Note 2: Days are broken down by chapter, accessible from the Chapters button in the navigation bar. Events are sectioned under each day.
Note 3: PLEASE do not screencap and repost photographs. This is my livelihood, and like you, I took a week off work to donate about 80 hours to NPS. If you’re in a photograph, I’m happy to offer you a six-month complimentary license. Please write me here, so I can email you a contract.
I grew up in suburban Boston. The first night I attended a slam was at the Cantab Lounge in Cambridge. A team from Dallas was featuring. They were good writer-performers. I mean, they’d better have been; they’d just taken top honors. They were confident, articulated, message-driven, and really nice people.
I’ve spent most of my life longing for my people. High school was no exception. I knew instantly, in that underground bar, I was looking into a world that had room for me. I came back to the Cantab a few times that year. The next summer I committed weekly. And when I turned 18, old enough to drive out of state after midnight, I drove down to the 2000 National Poetry Slam.
It was, well, everything.
I saw Daphne Gottlieb (“this is only a test…”) and Shane Koyczan (“…inquire within”) and Noel Jones (“…seven seconds…”) and Patricia Smith (“Skinhead”) and Iyeoka Okoawo (“run, girl, run…”), and teams from cities I’d never heard of. I met Sou (“Fuck me like a train wreck”) and Bill (“Yeah, we kinda won the whole thing a few years ago) MacMillan. I met my beloved, now passed, Gabrielle Bouliane. In the sweat-crowded, harsh-lit Providence bars, we hollered.
I walked waking into a sleeping place, brimmed with righteous snark, sexy tattoos, bold metaphor, and the cream of ’90s hipsters. I was a part of something. For the first time in my life, I honestly felt cool.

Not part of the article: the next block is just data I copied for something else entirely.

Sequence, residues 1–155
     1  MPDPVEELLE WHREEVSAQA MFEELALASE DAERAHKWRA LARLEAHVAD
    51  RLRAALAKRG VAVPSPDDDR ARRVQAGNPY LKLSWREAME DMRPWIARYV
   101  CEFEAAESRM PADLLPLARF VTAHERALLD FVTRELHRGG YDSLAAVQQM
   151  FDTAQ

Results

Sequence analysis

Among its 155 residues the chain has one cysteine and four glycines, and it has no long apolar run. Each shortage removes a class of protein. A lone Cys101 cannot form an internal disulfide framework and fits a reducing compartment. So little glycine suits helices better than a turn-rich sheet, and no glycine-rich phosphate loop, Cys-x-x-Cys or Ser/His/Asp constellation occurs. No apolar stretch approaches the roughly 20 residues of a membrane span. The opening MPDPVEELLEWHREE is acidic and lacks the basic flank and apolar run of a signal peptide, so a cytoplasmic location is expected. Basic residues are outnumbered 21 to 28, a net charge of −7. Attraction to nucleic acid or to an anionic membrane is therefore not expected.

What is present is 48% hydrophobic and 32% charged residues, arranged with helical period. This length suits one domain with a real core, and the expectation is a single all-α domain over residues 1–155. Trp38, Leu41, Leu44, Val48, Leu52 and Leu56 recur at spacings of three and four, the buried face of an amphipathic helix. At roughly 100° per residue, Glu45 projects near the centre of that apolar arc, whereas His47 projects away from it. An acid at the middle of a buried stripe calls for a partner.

I hosted slams and open mics for the next 10 years. I toured for four months, as part of my undergraduate degree, in 2004. A lot of people I didn’t know took me in. They picked me up, fed me, kept me warm, kept me cool, listened to my woes, got me high, and dropped me off.
Some know that’s why I moved to Albuquerque, in fact. To help organize the National Poetry Slam. I’ve designed print materials, Venue and Bout Managed, driven folks around, fed them, organized parties, hosted innumerable poets, run a small press, and even published a guide book to a particular host city. Last year, I started photographing events for Poetry Slam Inc..
I serve in a line of archivers. Gabrielle, who I mentioned before, and Taz Yamaguchi worked video long before Button. David Wong, with his old site, Poetic Dream, handled photographs. He seemed to have this uncanny line from hand to eye to heart; it seemed everything he shot was beautiful, heartul. As that’s want I want for most of my work, anyway, that’s what I try to bring to my community.
I learned about my privileges and about the systems of injustice that shut out others’ voices in order to amplify mine. I learned sacrifice and humility, and I learned how and why to leverage power. And all along, these people have offered me their most sacred gifts: true friends, true community, and a first-row seat to the poets of the revolution.